Making a publicly accessed computer safe can be a challenging project, especially if you are concerned about what web sites are allowed. Although there are quite a few methods for making a kiosk, such as pre-engineered hardware and software, there is always a cheaper method of accomplishing the same task. I am not here to argue that one is better than the other, only to share my experiences with creating a kiosk using products and knowledge I already had around.
There are a few pieces to the puzzle for any kiosk:
1. computer hardware, preferably equipment that can be physically locked down.
2. user interface restriction software, including Internet access restriction.
3. operating system state lock down.
For piece 1, I have used machines such as a Dell Optiplex and an Intel-based Apple Mac Mini. The Mini was a much better because of the size of the case and limited drives (one CD). For some public areas, I would recommend a physical enclosure for the computer case to prevent any physical access.
Piece 2 and 3
In some cases, the Microsoft SteadyState product can handle 2 and 3. Prior to SteadyState, step 3 would require an additional product such as DeepFreeze to “lock” the operating system state. You might be thinking, can SteadyState stand up to the 13 year old hacker that is going to break into your Kiosk? Unfortunately, I do not have the answer – however, a quick Google search might help you determine that because DeepFreeze is more popular there are more articles towards cracking it versus SteadyState.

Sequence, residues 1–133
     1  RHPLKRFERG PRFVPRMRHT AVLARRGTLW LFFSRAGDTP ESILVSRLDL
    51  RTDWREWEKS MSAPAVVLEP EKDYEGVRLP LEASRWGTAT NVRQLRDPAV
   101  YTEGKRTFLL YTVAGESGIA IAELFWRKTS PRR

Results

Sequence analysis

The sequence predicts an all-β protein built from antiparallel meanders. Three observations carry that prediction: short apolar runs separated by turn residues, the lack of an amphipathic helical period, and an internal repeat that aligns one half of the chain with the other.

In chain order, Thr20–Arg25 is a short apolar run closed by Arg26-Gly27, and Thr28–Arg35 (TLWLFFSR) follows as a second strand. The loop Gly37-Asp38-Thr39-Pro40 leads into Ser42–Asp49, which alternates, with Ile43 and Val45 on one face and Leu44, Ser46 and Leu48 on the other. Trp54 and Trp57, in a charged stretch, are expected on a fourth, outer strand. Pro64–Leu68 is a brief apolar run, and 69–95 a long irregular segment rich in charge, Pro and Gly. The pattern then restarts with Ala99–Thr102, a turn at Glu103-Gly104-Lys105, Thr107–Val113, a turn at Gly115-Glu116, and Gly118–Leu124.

Besides the disk “freezing”, SteadyState locks down the operating system using Windows policy configuration. Obviously if the computer is joined to a domain, the group policy objects (GPO) will override similar SteadyState configuration.
More on Piece 3
Controlling web access has been a problem in enterprises for years and a Kiosk is no exception. From a legal standpoint, you can’t fire outside users of a Kiosk if they do something inappropriate. This means that control of Internet has to be even more restricted, which can be quite difficult.
I would recommend the combination of two applications: (a) using a product such as NetNanny to lock down inappropriate categories; and (b) build a custom web browser such as shown in my article, creating your own custom web browser using Microsoft Visual Studio Express 2008. The custom web browser will allow you to control functionality of Internet Explorer programmatically, such as a minimal interface, predefined control bar, et cetera.
As a final note, SteadyState allows the administrator to lock Internet Explorer down to specific web URLs. To save space on domain name restriction, (there is a character limit), use the following format to get the entire domain, *devtrends.com.
Have fun and do your research before you put a Kiosk out for everyone to use! As with all of my other posts, I am not responsible for your failures and guarantee nothing. Article is for educational purposes only.